The first Europeans to record their visit to Ankober were the Evangelical missionaries Carl Wilhelm Isenberg and Johann Ludwig Krapf in 1839. However, at the time there was a small colony of Greeks, who made their living as craftsmen and tradesmen. In the following years, a steady stream of travelers visited Ankober, including Captain William Cornwallis Harris. Following the death of Meridazmaches Sahle Selassie in 1847, the Abichu Oromo rebelled and attacked Ankober; only the firearms Sahle Selassie had collected there saved the capital. The Shewan’s burned the town in 1856 in reaction to the invasion, and eventual conquest, of Emperor Tewodros II.
Debre Berhane was founded by Emperor Zara Yaqob, in response to a miraculous light that was seen in the sky at the time. Believing this was a sign from God showing his approval for the death by stoning of a group of heretics 38 days before, the emperor ordered a church built on the site, and later constructed an extensive palace nearby, and a second church, dedicated to Saint Cyriacus. Zara Yaqob spent 12 of the last 14 years of his life in Debre Berhane.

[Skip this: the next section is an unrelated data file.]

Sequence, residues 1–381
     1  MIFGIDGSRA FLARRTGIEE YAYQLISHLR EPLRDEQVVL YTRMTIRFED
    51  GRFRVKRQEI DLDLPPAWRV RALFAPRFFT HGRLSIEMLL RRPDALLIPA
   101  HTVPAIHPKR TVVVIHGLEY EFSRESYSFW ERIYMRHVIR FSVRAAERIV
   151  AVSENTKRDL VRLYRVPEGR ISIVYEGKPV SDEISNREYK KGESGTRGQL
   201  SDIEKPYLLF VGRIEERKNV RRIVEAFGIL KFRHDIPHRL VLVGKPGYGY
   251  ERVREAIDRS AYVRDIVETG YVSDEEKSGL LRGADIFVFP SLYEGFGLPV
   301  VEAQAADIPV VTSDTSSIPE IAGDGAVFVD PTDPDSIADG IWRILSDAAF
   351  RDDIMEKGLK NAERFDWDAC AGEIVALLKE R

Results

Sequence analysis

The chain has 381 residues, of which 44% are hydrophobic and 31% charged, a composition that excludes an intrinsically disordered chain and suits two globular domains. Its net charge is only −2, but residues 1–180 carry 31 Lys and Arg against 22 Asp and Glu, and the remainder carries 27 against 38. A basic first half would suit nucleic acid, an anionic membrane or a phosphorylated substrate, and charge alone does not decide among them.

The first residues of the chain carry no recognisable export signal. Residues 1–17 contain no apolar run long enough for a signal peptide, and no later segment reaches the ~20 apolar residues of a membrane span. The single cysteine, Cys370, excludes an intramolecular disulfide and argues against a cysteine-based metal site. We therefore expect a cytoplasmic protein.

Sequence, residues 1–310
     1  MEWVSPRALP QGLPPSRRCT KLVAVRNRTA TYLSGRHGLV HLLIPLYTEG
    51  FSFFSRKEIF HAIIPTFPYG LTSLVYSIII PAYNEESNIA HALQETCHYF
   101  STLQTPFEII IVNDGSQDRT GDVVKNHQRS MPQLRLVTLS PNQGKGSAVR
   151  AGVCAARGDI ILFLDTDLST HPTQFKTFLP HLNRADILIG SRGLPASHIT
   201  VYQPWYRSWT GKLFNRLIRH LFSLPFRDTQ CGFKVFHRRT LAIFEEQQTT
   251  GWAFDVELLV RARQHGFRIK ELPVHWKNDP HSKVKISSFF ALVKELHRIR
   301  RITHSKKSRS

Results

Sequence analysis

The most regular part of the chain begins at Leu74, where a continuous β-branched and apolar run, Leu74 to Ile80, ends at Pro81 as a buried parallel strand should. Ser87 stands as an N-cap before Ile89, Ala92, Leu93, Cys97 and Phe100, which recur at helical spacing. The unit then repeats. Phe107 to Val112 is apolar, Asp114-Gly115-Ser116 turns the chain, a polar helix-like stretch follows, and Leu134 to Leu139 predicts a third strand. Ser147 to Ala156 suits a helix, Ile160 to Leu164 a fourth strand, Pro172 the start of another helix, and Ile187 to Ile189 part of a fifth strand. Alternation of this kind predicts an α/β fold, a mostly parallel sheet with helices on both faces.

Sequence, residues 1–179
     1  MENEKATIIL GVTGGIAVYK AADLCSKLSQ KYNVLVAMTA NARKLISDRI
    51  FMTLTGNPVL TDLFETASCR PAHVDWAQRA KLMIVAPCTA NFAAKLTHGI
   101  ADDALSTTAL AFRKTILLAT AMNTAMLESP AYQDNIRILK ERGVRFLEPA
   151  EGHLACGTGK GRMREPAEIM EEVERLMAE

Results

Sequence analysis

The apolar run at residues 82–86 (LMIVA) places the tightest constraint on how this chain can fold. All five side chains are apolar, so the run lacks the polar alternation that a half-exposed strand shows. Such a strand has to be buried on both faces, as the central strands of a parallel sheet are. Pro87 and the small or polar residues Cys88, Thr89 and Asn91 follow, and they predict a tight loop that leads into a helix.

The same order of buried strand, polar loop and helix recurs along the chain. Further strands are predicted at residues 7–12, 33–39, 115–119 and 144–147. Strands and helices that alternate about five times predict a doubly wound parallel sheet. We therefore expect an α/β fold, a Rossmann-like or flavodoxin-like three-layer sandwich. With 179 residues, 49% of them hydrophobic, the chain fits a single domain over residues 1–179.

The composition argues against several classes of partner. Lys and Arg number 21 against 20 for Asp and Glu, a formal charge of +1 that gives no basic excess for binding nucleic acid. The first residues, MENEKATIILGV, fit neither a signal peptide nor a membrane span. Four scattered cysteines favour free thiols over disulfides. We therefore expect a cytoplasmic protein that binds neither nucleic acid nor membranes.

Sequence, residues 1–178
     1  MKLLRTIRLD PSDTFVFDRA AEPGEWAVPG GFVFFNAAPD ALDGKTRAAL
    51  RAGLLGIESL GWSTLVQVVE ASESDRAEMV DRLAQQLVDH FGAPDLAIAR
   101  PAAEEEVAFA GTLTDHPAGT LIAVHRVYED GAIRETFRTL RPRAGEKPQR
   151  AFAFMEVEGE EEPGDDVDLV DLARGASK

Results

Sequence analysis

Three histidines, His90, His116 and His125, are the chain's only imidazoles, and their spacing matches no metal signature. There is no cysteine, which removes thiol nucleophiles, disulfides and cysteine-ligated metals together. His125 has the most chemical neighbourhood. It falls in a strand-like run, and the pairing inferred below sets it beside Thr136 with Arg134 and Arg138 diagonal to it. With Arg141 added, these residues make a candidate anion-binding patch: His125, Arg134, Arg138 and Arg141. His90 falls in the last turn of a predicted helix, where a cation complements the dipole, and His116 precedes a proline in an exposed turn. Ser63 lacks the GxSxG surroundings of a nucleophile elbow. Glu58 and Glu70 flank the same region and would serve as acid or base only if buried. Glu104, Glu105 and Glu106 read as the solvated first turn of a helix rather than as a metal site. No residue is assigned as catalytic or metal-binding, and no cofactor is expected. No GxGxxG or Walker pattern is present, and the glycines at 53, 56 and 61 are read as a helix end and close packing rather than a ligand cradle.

Ankober may have formerly been known as Gorobela. Meridazmaches Amha Eyesus, moved the capital of Shewa from Doqaqit to Ankober. It remained the principal residence of the rulers of Shewa until Negus (later Emperor) Menelik II moved it to Mount Entoto in 1878, although Wossen Seged preferred to live at Qundi during his reign. The name of the town is said to have been taken from an Oromo Queen, Anko, who ruled the town during the reign of Qedami Qal
Set at an altitude of about 1,500m near the base of the escarpment, 15km from Ankober, Aliyu Amba is in itself remarkable only for boasting a vulnerable mosque. Aliyu Amba owed its importance to its location on the caravan route that stretched west from Saqqa in the Gibe region to Harar in the east and Tadjoura on the Red Sea. It was the most important market of central Ethiopia in the early and middle 19th century, and its merchants were almost entirely Muslim. The rulers of Shewa and of Harar co-operated in keeping this west-east route open. As a result, the two potentates were in regular contact, and the head of the Harari community in Aliyu Amba was appointed by the Emir of Harar. This town was also an important center of the amole trade in the 1830s, and Mordechai Abir notes that a 10 percent duty on all sales rendered to the Shewan government 3,000 Maria Theresa Thalers in cash and the equivalent of 2,000 in kind.
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